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  • Jennifer Marks

Calmly Stalking a Turnaround

This week's market marks the anniversary of the week Wall Street went kaboom. As September market 2008 got underway, Lehman Brothers collapsed, a tottering Merrill Lynch was soon to be thrust into the arms of Bank of America, and credit across the financial sector quickly evaporated.

That week, the Linens 'n Things buying group attempted to convince suppliers to keep selling the company, by then operating in bankruptcy. Those efforts were seriously impeded when The New York Post came out with a report that equity fund Cerberus Capital would take a pass on the proposed debt-to-equity swap among secured noteholders that was key to LNT's immediate-term life support.

The market was still digesting a glut of Dan River goods that had been on the dock, on the water or in the pipeline when owner GHCL abruptly shut down the division five months earlier.

Mervyns, which had already begun closing stores and had been cut off by many suppliers, would soon announce its liquidation.

Here we are a year later, minus several thousand retail doors and some once formidable accounts. Back-to-school got started late, may or may not be done, and did not demonstrate a renaissance in unrestrained consumer spending. Retailers are being responsibly prudent about fourth-quarter inventories, preferring to leave dollars on the table (if it comes to that) rather than clearance items on the shelves.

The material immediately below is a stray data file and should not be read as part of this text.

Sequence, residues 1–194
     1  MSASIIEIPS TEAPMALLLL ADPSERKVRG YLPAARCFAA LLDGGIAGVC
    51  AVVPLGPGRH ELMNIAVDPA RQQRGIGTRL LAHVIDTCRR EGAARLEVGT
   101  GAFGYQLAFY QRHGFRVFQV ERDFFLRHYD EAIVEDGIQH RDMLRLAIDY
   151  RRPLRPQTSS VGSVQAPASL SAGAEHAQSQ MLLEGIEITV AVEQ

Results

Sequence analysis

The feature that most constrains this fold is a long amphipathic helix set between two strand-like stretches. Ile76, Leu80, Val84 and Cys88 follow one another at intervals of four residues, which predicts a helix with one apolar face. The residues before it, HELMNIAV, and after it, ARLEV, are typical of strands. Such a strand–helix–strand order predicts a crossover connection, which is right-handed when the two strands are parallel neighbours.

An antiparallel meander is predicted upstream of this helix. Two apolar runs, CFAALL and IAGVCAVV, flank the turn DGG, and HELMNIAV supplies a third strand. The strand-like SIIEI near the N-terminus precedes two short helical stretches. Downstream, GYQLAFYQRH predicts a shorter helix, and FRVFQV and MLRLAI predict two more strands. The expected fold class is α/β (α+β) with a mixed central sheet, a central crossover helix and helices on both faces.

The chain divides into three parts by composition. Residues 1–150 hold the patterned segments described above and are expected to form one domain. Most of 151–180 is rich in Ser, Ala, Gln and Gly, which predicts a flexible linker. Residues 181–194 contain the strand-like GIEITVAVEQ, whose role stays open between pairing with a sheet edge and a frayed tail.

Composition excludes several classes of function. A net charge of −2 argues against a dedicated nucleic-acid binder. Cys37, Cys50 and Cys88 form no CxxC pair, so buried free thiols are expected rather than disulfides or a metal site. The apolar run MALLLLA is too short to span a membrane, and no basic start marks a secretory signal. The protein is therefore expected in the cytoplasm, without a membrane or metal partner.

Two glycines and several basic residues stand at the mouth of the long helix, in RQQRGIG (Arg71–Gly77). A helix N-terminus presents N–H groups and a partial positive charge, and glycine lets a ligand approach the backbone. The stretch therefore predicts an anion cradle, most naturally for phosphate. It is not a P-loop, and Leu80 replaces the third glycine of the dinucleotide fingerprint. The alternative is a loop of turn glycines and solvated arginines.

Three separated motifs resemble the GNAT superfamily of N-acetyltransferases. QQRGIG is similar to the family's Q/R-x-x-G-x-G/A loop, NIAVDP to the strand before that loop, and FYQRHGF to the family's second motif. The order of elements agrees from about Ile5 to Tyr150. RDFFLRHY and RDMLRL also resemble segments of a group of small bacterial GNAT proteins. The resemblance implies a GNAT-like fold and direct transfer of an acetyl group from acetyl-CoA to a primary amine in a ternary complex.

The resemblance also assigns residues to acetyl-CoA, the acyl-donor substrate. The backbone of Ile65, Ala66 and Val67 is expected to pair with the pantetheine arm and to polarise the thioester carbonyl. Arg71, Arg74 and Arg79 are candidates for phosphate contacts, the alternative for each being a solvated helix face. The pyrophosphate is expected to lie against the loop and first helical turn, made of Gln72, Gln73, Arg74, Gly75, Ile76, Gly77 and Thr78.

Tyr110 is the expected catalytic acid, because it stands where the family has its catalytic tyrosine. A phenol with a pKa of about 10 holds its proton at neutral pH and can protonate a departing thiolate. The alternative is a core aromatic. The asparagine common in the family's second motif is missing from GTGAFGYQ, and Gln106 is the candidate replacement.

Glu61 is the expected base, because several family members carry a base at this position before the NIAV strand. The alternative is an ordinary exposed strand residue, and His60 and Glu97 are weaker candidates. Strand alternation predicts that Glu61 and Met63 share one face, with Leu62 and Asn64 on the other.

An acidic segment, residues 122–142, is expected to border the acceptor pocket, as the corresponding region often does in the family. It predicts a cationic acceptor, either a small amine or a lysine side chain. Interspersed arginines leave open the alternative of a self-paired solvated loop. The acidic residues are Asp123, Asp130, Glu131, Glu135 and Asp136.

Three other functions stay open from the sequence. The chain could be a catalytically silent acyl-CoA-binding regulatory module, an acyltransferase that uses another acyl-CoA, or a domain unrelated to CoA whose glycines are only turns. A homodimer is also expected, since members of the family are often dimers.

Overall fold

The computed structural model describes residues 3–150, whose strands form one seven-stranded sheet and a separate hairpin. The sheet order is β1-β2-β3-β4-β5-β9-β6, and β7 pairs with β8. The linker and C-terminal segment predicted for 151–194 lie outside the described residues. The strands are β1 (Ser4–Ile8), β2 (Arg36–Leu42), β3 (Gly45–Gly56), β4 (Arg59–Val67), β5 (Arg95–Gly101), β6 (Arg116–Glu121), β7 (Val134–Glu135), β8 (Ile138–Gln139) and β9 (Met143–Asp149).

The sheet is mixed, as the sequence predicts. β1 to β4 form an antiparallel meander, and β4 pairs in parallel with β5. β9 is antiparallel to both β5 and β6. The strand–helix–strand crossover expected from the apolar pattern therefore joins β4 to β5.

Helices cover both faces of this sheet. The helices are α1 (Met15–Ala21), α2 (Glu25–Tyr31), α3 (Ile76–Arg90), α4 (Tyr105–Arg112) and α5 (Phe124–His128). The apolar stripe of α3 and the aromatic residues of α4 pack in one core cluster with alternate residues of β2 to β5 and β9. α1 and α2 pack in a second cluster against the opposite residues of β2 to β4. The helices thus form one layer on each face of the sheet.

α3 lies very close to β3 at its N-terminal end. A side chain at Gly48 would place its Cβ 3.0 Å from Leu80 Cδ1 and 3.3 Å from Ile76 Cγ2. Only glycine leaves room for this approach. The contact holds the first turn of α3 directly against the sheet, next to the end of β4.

In other words, we've seen worse.

I'm surprised we have not lost more suppliers over the past 12 months, although there have been substantial layoffs and at least a few companies are hanging on by a thread in hopes of better days (and freer capital). They desperately need retailers to have a promising fourth quarter.

Nonetheless, the mood going into New York Home Fashions Week seems pretty fair, I would say soberly optimistic. Now, people are usually feeling positive when market rolls around, even as they complain about the business. As unsettled as the economy was during the spring market a few months ago, the mood was still upbeat and determined — nowhere near as grim as it was during the 2001–2002 recession, surprisingly.

The good news is things have nowhere to go but up. The question is, when do we start climbing?

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